Clavert_photoParticularly in STEM disciplines, targeted teacher training is often neglected. Maria Clavert argues why pedagogical development in technical fields should emphasise the academic dual identity of a teacher-researcher. Furthermore, her findings suggest training was most effective with academics who were already open to alternative pedagogical concepts and looking for ways to change their teaching practices. Teaching should become everybody’s business and the disciplinary pedagogical traditions should be exposed to critical evaluation.

The educational scientists had a very different world view than us. For example, questions like are all human beings *laughs* equally capable of learning things. Their book says they are, and we think that they are not.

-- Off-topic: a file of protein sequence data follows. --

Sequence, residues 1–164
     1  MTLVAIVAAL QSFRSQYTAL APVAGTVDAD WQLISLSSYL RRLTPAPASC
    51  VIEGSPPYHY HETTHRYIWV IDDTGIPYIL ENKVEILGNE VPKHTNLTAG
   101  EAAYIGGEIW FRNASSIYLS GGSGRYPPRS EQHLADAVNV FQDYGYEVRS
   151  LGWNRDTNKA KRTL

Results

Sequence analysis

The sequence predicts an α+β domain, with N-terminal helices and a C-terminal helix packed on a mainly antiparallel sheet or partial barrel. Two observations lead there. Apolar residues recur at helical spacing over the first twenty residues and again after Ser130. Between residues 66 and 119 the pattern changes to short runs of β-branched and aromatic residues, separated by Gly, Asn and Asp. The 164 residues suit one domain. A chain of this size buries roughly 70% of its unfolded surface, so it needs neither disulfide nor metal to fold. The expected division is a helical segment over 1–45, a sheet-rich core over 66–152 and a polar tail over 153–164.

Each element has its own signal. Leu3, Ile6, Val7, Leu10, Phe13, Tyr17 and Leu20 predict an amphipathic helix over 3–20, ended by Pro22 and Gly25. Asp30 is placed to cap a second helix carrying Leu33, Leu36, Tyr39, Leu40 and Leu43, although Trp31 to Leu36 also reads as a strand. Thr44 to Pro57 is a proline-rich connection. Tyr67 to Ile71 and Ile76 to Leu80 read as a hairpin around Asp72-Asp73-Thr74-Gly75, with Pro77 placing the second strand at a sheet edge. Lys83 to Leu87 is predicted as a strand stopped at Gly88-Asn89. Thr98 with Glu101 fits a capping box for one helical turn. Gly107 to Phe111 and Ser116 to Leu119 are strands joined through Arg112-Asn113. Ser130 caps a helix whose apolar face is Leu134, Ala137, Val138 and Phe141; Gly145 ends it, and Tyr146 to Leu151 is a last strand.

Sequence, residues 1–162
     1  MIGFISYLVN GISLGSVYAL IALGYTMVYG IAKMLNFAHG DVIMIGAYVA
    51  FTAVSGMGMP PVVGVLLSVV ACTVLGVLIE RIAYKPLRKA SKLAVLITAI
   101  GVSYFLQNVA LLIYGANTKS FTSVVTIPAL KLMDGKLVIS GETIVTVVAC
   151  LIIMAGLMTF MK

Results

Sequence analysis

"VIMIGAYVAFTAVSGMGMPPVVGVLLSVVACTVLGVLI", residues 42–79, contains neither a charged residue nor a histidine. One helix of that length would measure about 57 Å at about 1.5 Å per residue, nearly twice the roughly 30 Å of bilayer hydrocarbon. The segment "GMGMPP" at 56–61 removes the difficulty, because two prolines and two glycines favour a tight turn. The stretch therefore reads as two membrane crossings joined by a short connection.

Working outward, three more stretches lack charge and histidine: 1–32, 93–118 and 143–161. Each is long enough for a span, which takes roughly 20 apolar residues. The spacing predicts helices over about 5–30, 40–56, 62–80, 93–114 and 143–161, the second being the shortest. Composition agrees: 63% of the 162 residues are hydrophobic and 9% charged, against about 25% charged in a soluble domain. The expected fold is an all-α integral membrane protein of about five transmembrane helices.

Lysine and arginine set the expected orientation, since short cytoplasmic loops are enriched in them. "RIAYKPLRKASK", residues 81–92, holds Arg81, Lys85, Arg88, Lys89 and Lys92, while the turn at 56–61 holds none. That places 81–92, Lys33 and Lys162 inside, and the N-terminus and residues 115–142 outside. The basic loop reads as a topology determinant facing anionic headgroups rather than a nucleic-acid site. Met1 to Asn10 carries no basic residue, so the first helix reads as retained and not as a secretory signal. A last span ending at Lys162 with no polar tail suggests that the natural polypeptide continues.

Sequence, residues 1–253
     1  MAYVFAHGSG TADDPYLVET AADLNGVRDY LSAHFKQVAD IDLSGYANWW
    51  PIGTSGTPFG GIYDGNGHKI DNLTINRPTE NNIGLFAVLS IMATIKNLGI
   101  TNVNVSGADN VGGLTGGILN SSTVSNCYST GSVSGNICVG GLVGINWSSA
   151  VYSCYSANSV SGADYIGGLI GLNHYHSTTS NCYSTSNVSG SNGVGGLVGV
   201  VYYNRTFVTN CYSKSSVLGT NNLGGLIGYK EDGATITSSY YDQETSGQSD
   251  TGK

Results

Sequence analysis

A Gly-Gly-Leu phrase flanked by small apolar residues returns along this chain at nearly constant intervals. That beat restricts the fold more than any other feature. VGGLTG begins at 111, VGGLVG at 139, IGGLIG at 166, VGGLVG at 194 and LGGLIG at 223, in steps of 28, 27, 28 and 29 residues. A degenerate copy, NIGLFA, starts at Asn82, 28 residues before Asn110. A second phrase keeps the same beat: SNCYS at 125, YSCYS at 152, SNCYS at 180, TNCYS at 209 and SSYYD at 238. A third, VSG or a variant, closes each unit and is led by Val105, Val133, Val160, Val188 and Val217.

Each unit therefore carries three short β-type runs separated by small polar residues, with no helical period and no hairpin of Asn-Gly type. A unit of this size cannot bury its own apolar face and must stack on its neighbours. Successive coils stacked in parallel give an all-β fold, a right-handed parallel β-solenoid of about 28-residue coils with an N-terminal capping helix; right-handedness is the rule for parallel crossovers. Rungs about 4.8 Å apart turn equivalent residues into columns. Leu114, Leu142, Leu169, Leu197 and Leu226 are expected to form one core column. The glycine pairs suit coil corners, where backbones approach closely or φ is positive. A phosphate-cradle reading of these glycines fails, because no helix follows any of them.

The above quote highlights the frustration of an engineering educator after participating in a pedagogical training programme. Every year, most technical universities encourage their faculty members to participate in pedagogical training courses targeted for a general group of ‘teachers’. The programmes have been criticized for neglecting the academic research-orientation and failing to provide continuous changes in practice. Struggling between connecting pedagogical theories with academic practices is something I deal with on a daily basis when working as a pedagogical Development Expert among engineering educators at Aalto University Design Factory. It seems that not all technical academics consider themselves primarily as teachers when participating to pedagogical training.